Commentary by William Carter: Not a Good Day
By William Carter, Columnist
It was Monday again; something that happens with alarming regularity and, still, even after all these years, nobody’s tried to fix and all I knew for a fact right then was that seven days in the future (past?) an artillery man in the Army of Time had already fired off another Monday that was arcing its way towards us, zeroed in to splat right on top of us a week from then. I knew he was just doing his job, but would it hurt anything to misfire every once in a while and let us all start the work-week with that Saturday morning feeling
Oh, and early that morning Bear-Dog peed on my foot because I wasn’t quite awake and I have to support him now when he goes and I sensed a certain amount of glee emanating from him and I swear his shoulders were shaking in silent laughter as I grumbled and cursed as if my standing in the front yard six times a day weirdly positioned over my dog while he does his business wasn’t a labor of love, not to mention all the hours the past few days I’d been Googling dog-wheelchairs. Where’s the respect? Where’s the appreciation?
Did I mention it was hot? Well, it was, and it was muggy, too, and I’d had a headache most of the day brought on by the aroma of slow-roasted, dog pee-soaked leather work boot wafting up from my right foot and I was pretty sure there was a heretofore unknown fungus incubating between my toes all day long.
Everybody has “one of those days,” I know, but that day, for some reason, had been more of a one-of-those-days days for me than I can ever remember. It’s not just that it was Monday, either, or the heat or the being peed on; things just are, sometimes, and things just happen and I’ve always spent most of my days marveling that I’m alive and gifted with good fortune and the ability to witness – and maybe find a little humor in – everything that’s going on around me.
Not that day, though; that day I was ill-tempered and snappish and mean-natured and suspicious there’d been a secret meeting the night before where everybody talked bad about me. That day I felt uneasy; as if a change, not a good one, was coming and I felt unmotivated and I felt depressed, a feeling I am definitely not familiar with.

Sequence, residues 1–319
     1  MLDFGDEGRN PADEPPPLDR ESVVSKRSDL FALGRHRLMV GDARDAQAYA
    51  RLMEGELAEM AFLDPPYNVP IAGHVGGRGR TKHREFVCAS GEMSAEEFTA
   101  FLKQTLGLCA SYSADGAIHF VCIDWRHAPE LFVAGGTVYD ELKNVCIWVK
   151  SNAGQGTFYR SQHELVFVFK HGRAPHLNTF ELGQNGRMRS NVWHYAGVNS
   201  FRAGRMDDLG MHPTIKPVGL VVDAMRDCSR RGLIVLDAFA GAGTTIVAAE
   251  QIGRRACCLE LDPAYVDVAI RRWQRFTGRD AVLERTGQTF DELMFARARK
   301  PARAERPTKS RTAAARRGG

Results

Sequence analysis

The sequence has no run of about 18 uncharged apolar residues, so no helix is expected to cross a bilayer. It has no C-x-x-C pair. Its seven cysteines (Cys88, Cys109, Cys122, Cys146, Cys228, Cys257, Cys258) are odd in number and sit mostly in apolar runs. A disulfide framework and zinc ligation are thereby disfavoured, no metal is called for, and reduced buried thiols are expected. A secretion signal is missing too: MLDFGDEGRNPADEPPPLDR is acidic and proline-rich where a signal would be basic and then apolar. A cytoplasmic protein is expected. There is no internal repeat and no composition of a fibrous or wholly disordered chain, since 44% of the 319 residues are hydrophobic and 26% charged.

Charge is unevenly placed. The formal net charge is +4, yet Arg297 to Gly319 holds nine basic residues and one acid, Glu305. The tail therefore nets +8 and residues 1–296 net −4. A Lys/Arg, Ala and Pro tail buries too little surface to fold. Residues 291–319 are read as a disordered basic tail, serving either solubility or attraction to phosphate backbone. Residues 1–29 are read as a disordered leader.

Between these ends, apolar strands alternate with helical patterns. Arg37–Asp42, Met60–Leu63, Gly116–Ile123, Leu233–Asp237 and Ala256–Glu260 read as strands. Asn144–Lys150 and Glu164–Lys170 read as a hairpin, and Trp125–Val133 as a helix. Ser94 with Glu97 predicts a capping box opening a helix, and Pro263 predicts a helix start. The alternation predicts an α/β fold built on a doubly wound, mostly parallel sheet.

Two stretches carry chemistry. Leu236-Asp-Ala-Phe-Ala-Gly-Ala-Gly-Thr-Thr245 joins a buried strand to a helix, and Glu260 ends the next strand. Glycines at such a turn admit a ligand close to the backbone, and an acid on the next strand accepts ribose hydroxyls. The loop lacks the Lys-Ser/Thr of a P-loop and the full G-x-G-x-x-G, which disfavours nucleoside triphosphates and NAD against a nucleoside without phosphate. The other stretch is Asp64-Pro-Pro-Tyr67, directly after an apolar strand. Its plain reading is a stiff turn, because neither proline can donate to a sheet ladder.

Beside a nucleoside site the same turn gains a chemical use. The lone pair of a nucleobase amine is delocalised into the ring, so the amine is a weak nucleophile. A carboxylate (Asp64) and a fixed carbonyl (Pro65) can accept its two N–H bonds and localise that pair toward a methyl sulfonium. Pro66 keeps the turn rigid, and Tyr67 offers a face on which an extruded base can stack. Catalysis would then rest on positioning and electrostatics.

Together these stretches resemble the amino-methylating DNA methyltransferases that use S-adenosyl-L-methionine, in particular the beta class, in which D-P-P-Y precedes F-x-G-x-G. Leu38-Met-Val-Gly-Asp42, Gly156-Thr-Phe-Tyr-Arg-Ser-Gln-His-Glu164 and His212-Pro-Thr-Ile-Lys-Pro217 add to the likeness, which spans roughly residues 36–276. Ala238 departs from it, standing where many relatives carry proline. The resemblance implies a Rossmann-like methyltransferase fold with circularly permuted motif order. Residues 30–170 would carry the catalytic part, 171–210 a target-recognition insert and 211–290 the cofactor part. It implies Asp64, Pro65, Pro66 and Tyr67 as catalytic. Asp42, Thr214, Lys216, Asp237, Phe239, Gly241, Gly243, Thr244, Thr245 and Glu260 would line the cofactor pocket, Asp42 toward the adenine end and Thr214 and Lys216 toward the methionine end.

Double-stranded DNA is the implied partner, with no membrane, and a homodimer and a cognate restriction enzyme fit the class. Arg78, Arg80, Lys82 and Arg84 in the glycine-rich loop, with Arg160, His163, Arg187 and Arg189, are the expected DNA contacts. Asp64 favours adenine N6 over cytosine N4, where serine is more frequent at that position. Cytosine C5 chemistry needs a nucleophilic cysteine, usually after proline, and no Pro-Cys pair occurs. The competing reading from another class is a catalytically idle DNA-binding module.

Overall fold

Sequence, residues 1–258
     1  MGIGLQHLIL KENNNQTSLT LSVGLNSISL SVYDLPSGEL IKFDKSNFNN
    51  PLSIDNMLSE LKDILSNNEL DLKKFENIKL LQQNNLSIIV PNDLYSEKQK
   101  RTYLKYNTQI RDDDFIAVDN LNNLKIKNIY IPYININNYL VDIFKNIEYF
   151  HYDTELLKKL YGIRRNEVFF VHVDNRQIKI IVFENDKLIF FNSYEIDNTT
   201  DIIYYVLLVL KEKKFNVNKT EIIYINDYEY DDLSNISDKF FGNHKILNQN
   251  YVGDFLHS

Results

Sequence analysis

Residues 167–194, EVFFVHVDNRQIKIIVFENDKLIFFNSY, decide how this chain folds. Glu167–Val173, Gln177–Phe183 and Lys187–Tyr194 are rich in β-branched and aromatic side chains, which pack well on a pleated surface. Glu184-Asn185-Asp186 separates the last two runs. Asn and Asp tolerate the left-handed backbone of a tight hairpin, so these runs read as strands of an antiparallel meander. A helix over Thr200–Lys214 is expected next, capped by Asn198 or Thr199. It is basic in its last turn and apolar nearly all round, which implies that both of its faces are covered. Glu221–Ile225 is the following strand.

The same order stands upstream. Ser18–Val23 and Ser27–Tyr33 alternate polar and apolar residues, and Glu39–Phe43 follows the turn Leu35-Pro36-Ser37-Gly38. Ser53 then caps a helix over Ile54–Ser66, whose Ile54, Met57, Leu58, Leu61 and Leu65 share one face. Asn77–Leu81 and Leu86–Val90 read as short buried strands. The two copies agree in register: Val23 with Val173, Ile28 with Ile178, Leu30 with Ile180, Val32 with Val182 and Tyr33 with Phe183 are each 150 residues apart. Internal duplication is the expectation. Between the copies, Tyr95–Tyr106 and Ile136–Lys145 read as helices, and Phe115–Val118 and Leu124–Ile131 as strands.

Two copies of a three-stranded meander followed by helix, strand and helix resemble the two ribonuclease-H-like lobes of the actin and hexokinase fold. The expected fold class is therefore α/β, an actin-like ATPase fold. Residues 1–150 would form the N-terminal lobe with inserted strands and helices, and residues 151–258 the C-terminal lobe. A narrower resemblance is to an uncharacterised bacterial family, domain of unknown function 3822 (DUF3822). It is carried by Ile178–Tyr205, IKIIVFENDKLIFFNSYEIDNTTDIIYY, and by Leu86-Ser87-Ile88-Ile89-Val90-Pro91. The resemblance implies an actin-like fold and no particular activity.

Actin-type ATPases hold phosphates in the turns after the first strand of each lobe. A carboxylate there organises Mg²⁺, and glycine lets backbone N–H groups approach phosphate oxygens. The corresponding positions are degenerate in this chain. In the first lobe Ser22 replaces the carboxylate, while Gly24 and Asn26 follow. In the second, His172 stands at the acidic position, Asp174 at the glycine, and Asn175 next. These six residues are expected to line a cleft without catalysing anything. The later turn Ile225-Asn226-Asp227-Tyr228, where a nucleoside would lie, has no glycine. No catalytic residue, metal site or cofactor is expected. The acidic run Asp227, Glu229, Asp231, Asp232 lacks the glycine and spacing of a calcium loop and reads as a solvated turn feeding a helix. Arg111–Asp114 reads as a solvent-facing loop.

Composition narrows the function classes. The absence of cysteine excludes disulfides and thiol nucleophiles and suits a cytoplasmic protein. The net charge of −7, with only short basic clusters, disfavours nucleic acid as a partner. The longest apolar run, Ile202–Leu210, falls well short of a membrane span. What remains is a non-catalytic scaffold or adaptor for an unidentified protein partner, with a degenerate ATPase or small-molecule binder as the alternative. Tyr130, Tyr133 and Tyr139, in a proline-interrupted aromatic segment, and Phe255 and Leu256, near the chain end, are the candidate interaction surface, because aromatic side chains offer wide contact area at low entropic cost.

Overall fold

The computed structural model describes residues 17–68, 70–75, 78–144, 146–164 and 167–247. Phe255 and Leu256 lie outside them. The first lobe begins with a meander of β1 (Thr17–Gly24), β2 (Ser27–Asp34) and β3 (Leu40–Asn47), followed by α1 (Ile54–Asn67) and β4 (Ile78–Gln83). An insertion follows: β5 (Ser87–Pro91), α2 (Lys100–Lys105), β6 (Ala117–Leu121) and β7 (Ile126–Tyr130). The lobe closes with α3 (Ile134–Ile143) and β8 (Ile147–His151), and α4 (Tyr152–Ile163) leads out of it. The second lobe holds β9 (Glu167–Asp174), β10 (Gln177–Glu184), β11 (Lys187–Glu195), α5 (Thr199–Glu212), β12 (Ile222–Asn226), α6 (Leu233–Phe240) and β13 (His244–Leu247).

No, it was not a good day so, naturally, I decided to blame it on God.
Keep in mind that I’m the type of guy who doesn’t believe God cares too much or gives me guidance about what coffee cup I use in the morning or what car I drive or whether or not I order fajitas. Nor, I feel, does He give much thought at all to how many churches there are in town and whether or not I’m sitting in one and I’m almost positive He doesn’t have a favorite football team or NASCAR driver, either. God, I think, doesn’t worry about my minor woes but chooses instead to allow me to use the brain He gave me to deal with them.
I do, however, believe He appreciates a good prayer and our acknowledgement of His finer creations and other small wonders like lightning bugs and rain and mamas and fresh asparagus and sleep and new underwear, to name only a very few.
But I blamed the day on Him anyway because He’s in charge and I grumbled and muttered all the way home about the heat and my pee-soaked boot and about why I was feeling troubled when, really, I had nothing all that important to feel troubled about and I was still grumbling and muttering when I parked and got out of the truck and stood beneath an unforgiving sun looking at and whining about my weedy garden.
“God,” I whine, “why have You let the flea beetles eat my eggplants? Isn’t it enough I don’t use pesticides…can’t you help me out just a little bit?”
The bottom leaves on my lone tomato plant rustle and Bun-Bun, Love-Weasel’s pet, wild rabbit, sticks his nose out, eyes me with undisguised disgust, then ambles away.
I part the leaves, whining and grumbling, to inventory the damage.
Tucked away, almost hidden, is the red, small wonder of my first ripe tomato of the year.
Talk about motivation.
Thank You, God.
William Carter is a longtime Franklin city employee and published author. He may be contacted at email@example.com.
Posted on: 7/27/2013